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A Spoonfull of Action Makes The Mythology Go Down

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Serdar recently wrote an excellent re-look at the seminal film The Matrix. I have nothing to say about his essay except to go read this fine piece of work. However, I do have something to say about The Matrix and how pieces of media work together.

In some ways, The Matrix seems to be two films.

One film is an exceptional action movie with a near-perfect cast. As of this writing in 2021, it still influences the styling of movies, television, and games. The film showcases the talents of various actors and actresses, each well-fit to their role. Were it just an SF action film, it would be an accomplished one.

However, the film’s heart is that another movie: the story of a not-quite Chosen one on a journey about reality and physicality, machines and humanity. One can – and many have – spilled ink and moves electrons to going over the mix of Gnosticism, Buddhism, bodily identity, and more in the film. Later revelations about the transgender experience and the film only illustrate how much is in it.

Some films may be riddles wrapped in enigmas. This is a film of a philosophy wrapped in a stylish hail of bullets and punches to the face.

Both sides of the film are enhanced by the other. The stylish action catches our attention, grabbing us by the visceral parts of our brain. The deep thoughts and many sides of it reach our hearts and mind. The Matrix creates deep engagement by having these two facets.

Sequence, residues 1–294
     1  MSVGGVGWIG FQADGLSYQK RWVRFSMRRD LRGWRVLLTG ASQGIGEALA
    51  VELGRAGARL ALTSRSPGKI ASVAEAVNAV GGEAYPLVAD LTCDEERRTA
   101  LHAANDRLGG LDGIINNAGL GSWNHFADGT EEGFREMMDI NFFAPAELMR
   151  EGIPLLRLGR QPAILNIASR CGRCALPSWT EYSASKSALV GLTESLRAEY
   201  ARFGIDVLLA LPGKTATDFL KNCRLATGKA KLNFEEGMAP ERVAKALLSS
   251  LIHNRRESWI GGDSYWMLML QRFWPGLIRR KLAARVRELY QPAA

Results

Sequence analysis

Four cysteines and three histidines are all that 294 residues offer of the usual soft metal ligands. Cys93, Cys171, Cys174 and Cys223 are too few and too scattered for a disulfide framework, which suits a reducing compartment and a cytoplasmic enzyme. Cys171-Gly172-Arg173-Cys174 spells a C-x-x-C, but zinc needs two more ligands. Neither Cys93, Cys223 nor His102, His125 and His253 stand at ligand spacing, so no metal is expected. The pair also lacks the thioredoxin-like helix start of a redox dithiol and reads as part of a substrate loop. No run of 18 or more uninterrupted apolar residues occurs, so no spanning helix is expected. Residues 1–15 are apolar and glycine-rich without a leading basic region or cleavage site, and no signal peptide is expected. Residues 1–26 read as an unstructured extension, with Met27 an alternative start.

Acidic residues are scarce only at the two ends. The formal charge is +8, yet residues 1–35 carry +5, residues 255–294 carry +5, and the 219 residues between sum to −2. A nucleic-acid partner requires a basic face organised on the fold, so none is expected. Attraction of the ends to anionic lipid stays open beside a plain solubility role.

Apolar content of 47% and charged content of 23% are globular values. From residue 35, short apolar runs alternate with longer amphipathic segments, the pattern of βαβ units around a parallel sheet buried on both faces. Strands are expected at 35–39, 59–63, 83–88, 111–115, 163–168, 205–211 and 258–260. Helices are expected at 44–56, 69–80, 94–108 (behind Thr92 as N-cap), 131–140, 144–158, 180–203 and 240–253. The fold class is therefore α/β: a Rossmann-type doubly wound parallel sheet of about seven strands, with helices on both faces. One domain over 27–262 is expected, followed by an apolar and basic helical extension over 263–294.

There are many lessons to derive from The Matrix, and certainly more to be found. One lesson that I see as I look back on the film is that seemingly unrelated concepts can enhance each other. You can have your philosophy and gun-fu at the same time and be better for it.

A creative work can have “unrelated” ideas that come together for richer results. Let no one say to you “your ideas don’t work together.”

Genres are not limited by what they are “supposed” to be but can deliver any kind of payload in the right person’s hands. There is no “wrong” genre, and sometimes the “wrong” genre may be the most right one.

A “tightly focused” work may become too limiting, whereas other ideas, even conflicting ones, may enrich it. Sometimes focus is another name for “narrowness.”

If the Matrix taught us to break free from many forms of conditioning, let it also be a reminder to break free from simple ideas of what “genre” and “themes” are for.

Steven Savage